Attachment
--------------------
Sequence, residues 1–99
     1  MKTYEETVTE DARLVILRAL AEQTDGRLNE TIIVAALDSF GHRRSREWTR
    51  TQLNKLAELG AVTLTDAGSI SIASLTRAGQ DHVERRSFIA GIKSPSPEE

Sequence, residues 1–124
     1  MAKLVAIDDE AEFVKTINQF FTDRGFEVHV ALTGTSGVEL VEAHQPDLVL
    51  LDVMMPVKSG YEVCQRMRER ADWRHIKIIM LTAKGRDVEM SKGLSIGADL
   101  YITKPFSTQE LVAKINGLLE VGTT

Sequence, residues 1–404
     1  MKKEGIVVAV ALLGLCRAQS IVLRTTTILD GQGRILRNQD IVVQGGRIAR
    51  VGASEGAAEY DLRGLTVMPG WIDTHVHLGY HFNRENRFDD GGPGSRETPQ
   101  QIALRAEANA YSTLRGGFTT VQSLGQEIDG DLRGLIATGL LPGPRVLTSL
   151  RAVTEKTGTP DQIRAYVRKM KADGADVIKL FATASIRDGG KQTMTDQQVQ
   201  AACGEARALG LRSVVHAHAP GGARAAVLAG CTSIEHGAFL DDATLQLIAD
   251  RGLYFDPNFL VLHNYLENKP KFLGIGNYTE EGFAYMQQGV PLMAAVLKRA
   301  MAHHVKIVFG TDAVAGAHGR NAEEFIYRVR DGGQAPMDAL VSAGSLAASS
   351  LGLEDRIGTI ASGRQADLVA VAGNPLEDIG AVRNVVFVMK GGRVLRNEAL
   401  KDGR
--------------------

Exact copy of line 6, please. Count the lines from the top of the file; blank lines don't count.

    51  LDVMMPVKSG YEVCQRMRER ADWRHIKIIM LTAKGRDVEM SKGLSIGADL